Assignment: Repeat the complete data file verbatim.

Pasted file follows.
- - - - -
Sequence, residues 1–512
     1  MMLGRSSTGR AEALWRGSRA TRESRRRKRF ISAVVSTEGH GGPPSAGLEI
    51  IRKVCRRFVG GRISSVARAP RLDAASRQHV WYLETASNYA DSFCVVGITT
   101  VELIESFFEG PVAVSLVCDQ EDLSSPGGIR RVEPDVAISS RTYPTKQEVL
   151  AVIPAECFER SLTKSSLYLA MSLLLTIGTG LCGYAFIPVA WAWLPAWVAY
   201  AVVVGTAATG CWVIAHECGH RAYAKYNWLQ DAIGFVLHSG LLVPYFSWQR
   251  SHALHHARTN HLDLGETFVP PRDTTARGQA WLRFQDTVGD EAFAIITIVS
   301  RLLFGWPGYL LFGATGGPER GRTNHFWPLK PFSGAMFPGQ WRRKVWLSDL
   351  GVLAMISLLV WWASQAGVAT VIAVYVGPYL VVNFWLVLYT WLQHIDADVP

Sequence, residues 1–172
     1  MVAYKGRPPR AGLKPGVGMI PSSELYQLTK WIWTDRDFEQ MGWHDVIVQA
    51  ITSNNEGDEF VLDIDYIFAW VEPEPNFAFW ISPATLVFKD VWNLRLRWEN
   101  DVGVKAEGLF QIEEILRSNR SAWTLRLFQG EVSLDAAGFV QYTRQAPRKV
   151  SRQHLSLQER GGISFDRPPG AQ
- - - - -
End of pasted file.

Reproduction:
Sequence, residues 1–512
     1  MMLGRSSTGR AEALWRGSRA TRESRRRKRF ISAVVSTEGH GGPPSAGLEI
    51  IRKVCRRFVG GRISSVARAP RLDAASRQHV WYLETASNYA DSFCVVGITT
   101  VELIESFFEG PVAVSLVCDQ EDLSSPGGIR RVEPDVAISS RTYPTKQEVL
   151  AVIPAECFER SLTKSSLYLA MSLLLTIGTG LCGYAFIPVA WAWLPAWVAY
   201  AVVVGTAATG CWVIAHECGH RAYAKYNWLQ DAIGFVLHSG LLVPYFSWQR
   251  SHALHHARTN HLDLGETFVP PRDTTARGQA WLRFQDTVGD EAFAIITIVS
   301  RLLFGWPGYL LFGATGGPER GRTNHFWPLK PFSGAMFPGQ WRRKVWLSDL
   351  GVLAMISLLV WWASQAGVAT VIAVYVGPYL VVNFWLVLYT WLQHIDADVP

Sequence, residues 1–172
     1  MVAYKGRPPR AGLKPGVGMI PSSELYQLTK WIWTDRDFEQ MGWHDVIVQA
    51  ITSNNEGDEF VLDIDYIFAW VEPEPNFAFW ISPATLVFKD VWNLRLRWEN
   101  DVGVKAEGLF QIEEILRSNR SAWTLRLFQG EVSLDAAGFV QYTRQAPRKV
   151  SRQHLSLQER GGISFDRPPG AQ